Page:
Children are a species – and a law – unto themselves and, when your friends’ families start to expand, you have three choices;
- Avoid the entire family like the plague. This is quite a dramatic option, to be honest.
- Avoid the children only. This would be awkward, as the family come as a package.
- Accept the children; make them part of your relationship with their parents.
I have friends who are now parents – I’m 37 years old, it would be more unusual if I didn’t – and I am very much in camp number 3. If I want my friendships to continue, then it’s down to all of us to figure out how we’re going to make this adjustment to our friendship work.
I’m not yet a parent, but I can see that it’s really positive for kids to have contact with adults other than their parents who care for and cherish them. When you’re a parent, your priorities change dramatically, with your children becoming your number one consideration. It’s also incredibly important for mum and dad to sustain adult friendships so that they don’t lose their own identities.
I get, therefore, to be Uncle Matthew (or Weird Uncle Matthew, as I was once called, in a way that I took to be a compliment) – but, having made the decision to include the children in my life, I need to work out if the kids like me.
I get a real sense of pleasure when the children and teenagers I know acknowledge me when I come into their house; they might just offer me a smile or a grunt, but that’s all I need to know that they at least recognise that I’m there, and might even be pleased, in their own vague way, to see me. Having toddlers ask me to read them a story, is a true blessing, because that means you’ve made enough of an impact in their minds to matter to them.
But how does anyone engage with a child in the first place? Well, remembering that they’re a human being is a great place to start, with thoughts, feelings, and opinions all of their own. Here are a few thoughts on how to engage properly with children; when I become a dad in the not-too-distant future, I’ll be using as many of these techniques as possible.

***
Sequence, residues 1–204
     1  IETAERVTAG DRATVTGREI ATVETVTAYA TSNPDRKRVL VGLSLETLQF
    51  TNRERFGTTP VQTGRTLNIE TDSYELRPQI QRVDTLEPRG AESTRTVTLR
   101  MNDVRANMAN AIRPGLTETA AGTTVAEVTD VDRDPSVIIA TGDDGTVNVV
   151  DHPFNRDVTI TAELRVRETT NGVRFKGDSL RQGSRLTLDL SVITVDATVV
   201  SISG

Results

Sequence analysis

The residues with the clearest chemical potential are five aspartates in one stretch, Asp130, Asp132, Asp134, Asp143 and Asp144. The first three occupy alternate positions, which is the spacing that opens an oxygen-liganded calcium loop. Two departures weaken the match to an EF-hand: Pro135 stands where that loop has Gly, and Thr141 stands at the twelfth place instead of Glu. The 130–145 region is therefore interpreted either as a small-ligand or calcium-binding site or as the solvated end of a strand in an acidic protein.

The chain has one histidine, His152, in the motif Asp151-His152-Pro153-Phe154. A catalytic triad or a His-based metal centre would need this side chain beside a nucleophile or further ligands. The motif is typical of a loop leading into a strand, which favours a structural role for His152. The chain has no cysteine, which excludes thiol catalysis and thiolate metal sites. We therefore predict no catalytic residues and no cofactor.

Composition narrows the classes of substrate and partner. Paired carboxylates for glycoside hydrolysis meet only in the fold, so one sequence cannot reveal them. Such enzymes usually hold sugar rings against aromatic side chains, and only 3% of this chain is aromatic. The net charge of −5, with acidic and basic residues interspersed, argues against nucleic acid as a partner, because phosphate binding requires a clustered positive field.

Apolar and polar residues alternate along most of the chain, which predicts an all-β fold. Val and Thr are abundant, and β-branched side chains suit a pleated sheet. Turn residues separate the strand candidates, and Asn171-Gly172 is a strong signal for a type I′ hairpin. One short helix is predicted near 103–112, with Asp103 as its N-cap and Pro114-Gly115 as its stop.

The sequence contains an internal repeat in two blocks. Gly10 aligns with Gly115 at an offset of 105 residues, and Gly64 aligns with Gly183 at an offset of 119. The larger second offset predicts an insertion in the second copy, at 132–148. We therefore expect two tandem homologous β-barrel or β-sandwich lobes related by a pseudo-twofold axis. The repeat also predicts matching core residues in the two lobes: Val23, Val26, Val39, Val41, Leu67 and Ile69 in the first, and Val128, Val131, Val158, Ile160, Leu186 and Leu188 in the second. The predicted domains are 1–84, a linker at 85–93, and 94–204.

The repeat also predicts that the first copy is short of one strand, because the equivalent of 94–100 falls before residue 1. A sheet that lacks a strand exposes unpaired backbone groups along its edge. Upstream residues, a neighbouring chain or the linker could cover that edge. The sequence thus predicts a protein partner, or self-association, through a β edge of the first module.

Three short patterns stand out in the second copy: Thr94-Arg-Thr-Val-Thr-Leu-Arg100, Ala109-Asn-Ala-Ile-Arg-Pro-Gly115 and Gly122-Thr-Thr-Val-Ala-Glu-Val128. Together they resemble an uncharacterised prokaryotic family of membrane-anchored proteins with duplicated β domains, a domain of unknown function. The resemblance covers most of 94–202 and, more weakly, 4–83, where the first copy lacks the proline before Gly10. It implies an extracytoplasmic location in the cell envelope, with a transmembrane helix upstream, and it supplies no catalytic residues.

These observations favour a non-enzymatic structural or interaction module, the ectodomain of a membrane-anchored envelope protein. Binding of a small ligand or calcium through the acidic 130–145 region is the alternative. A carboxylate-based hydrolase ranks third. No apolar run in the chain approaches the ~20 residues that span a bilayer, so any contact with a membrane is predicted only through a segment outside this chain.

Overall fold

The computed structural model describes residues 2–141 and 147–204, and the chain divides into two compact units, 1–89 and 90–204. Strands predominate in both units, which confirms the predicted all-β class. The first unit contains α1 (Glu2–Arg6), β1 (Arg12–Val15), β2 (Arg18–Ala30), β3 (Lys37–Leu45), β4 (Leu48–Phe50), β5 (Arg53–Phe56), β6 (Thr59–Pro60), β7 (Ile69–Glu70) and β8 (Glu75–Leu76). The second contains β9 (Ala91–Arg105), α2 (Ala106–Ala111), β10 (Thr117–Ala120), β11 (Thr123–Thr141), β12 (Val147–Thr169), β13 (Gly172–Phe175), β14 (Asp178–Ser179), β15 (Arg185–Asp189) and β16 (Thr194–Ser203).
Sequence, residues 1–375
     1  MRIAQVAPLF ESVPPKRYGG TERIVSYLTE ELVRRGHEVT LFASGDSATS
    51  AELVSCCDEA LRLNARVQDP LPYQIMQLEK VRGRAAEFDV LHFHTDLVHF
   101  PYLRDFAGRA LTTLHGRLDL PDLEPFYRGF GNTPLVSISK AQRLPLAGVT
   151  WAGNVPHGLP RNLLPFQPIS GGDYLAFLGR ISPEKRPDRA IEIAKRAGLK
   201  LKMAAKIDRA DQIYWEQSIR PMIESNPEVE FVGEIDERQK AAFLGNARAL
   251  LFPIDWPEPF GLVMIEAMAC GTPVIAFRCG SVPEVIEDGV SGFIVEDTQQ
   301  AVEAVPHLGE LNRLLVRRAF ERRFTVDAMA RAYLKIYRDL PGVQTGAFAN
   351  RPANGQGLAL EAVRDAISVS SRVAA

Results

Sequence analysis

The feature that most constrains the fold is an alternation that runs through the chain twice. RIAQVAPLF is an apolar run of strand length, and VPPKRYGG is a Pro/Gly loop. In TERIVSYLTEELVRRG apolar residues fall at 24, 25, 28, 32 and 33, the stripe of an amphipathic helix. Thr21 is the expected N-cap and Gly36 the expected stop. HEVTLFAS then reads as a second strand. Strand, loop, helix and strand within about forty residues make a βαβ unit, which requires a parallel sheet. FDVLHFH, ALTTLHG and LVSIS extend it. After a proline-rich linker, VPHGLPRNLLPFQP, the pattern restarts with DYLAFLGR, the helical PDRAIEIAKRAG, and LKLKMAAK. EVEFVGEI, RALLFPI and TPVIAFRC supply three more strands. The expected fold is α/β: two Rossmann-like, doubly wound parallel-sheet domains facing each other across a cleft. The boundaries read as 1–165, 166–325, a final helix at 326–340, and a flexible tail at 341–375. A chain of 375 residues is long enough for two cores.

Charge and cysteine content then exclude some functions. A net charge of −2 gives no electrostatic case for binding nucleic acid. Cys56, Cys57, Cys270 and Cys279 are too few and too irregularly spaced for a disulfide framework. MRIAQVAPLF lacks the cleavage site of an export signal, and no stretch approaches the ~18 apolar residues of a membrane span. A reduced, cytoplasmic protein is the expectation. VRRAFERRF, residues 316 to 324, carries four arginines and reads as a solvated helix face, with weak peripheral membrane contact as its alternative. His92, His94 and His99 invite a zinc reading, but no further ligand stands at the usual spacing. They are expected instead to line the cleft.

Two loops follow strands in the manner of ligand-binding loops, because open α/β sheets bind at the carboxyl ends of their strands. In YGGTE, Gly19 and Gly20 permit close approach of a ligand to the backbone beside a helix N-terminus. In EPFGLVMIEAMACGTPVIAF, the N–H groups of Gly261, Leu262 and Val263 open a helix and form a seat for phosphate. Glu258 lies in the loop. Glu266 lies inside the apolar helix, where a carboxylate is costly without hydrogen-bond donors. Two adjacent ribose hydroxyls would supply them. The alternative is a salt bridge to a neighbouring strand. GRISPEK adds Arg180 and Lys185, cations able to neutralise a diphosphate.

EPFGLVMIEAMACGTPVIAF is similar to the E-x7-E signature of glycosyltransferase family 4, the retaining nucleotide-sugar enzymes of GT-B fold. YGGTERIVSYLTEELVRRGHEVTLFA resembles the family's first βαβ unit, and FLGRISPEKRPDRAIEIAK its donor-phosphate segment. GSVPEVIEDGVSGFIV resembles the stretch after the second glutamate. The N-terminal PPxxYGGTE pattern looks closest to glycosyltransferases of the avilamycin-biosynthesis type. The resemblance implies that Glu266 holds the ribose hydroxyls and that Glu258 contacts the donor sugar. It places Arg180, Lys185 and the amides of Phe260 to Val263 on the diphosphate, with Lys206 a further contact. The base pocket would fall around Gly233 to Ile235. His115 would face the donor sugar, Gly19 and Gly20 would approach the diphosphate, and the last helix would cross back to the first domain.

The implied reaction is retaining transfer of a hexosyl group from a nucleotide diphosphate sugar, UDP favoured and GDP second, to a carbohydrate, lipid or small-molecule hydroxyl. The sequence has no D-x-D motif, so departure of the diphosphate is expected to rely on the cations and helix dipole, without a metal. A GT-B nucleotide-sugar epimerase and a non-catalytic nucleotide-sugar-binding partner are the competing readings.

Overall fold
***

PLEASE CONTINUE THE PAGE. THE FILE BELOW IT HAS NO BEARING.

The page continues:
- Get down to their level and look them in the eye. Let them feel physically equal to you.
- Talk to Don’t just talk through the parents about them.
- Don’t patronise them. Talk to them like you would anyone else.
- Ask them what they think about something; “Do you like nursery?” through to “What do you think happened in Doctor Who last night?” You might even get an answer that surprises you.
- Don’t lie if they ask a question. Filter your answer, depending on their age, but never lie.
- Reassure them. Tell them they’re doing well.
- Give them jobs to do. Children like to be helpful and feel that they’re making an impact.
- Be straightforward. Don’t waffle; just say whatever it is you want to say.
- If they want to tell or show you something, let them. It doesn’t matter what it is, but the fact they’re choosing to share something with you is a wonderful experience.
- Don’t try too hard. Children can sense this, so just be yourself. They’ll choose who they want to speak to, and they’ll often choose people who accept them.
- Be silly. Kids interpret the world in their own way. I’ve had conversations about snakes, dinosaurs, cushions, patterns, art, and Peppa Pig. I’ve been “stung”, chased round the dining room, played hide and seek, I’ve tickled, I’ve been pulled to the floor, and been jumped over.
- Don’t ask boring questions such as, “What did you do at school?” Options make things easier: “Aliens from Mars or humans?” or “Do you prefer art or ICT at school? Why?”
- Just be yourself. Don’t put on airs and graces. Be interested, and treat them as human beings.